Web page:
Soon, other browsers started allowing plug-ins, though some, like Apple, were very cautious, stressing instead speed, privacy, and security. More competition arrived in the form of AOL Explorer, Camino (an offshoot of Mozilla and Firefox), and, in 2008, Chrome.

Chrome was interesting as it was built using WebKit, the same framework that is the foundation of Safari. As Chrome was published by Google, and Google, though their search engine, had a vast knowledge of how the World Wide Web worked, developers soon found Chrome very attractive, and Chrome gradually gained an ever-growing market share. Meanwhile, Safari, expanding out from the Mac to also incorporate iPhone and iPad, rapidly became the most popular browser in history.

Firefox, once the darling of web developers, fought to keep its market share. Adopting some of Apple’s goals, Firefox started emphasizing speed, security, and privacy. But Chrome kept gaining market share, especially after it was released on Android, and it gradually displaced Internet Explorer on Windows. Microsoft tried a comeback, releasing a new browser, Edge, based on Apple’s WebKit, in 2015. This didn’t make much of a dent, and Microsoft released a new version of Edge, built on Google’s Chromium, in 2020.

Meanwhile, Firefox continued to decline. A few weeks ago, this snippet appeared on Slashdot:

Is Firefox OK?

The answer is: no. Firefox is still plunging in popularity.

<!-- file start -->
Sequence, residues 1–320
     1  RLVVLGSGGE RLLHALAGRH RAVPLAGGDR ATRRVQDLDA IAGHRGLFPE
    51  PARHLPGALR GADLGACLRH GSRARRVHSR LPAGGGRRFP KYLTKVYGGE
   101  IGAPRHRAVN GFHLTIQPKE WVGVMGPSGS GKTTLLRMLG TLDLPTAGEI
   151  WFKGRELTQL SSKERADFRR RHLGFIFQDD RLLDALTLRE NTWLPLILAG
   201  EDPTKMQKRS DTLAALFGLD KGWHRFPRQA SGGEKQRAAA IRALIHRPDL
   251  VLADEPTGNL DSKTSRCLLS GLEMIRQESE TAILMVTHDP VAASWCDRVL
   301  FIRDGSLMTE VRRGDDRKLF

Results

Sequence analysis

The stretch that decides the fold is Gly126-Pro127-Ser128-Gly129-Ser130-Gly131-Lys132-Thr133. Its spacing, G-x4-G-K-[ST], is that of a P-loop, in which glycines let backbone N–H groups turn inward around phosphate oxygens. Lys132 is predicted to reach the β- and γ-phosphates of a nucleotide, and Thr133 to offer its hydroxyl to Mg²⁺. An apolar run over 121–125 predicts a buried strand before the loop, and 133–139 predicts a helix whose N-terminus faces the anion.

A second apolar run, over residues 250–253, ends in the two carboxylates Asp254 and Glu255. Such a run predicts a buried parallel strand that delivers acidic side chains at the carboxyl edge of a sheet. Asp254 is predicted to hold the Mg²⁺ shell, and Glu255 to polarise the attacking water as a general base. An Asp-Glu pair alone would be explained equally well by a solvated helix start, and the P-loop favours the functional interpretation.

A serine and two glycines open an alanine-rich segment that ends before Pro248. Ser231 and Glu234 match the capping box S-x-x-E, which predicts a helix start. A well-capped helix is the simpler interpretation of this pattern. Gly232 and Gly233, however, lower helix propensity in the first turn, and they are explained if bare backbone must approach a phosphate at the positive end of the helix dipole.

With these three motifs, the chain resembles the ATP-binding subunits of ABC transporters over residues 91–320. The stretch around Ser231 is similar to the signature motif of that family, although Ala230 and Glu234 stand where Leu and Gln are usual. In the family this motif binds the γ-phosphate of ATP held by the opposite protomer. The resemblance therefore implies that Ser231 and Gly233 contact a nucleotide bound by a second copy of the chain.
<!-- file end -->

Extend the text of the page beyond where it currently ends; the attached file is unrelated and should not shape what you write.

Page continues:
For what it is worth, I have installed on my Mac Safari, Chrome, Firefox, and Microsoft Edge (yes, there is a Mac version). The three I used the most are Safari, Chrome, and Apple’s Terminal, for looking at obscure and technical things.†

Firefox, if it isn’t dead yet, is at most a footnote of a bygone era.

† To use Terminal as a browser, launch it, then type in:

curl [URL of site]

as in:


Expect pages and pages of hypertext to flow past at high speed, interspersed with things you can read in English.

Apple WWDC22 announced

WWDC is short for World Wide Developer Conference, and the 2022 edition will be virtual, starting with a keynote at 10 a.m. Pacific Time on June 6.

While the Developer Conference is aimed at programmers for the iPhone, iPad, Apple TV, Macintosh, HomePod, etc., the opening keynote usually generates quite a bit of news with short presentations on where Apple is in the marketplace and some announcements of new and different things. Plus: there are demos of new technologies, with a random game or two thrown in.

It is free:

WWDC22 logo

Questions and answers

One of our members suggested I post a link to Macworld’s 911 column. This has been an ongoing series where subscribers to the magazines ask common questions, and Macworld posts answers. The answers are well written, and (usually) very good. Here is a recent collection:

Sometimes the advertising gets in the way, but the writing is down to earth.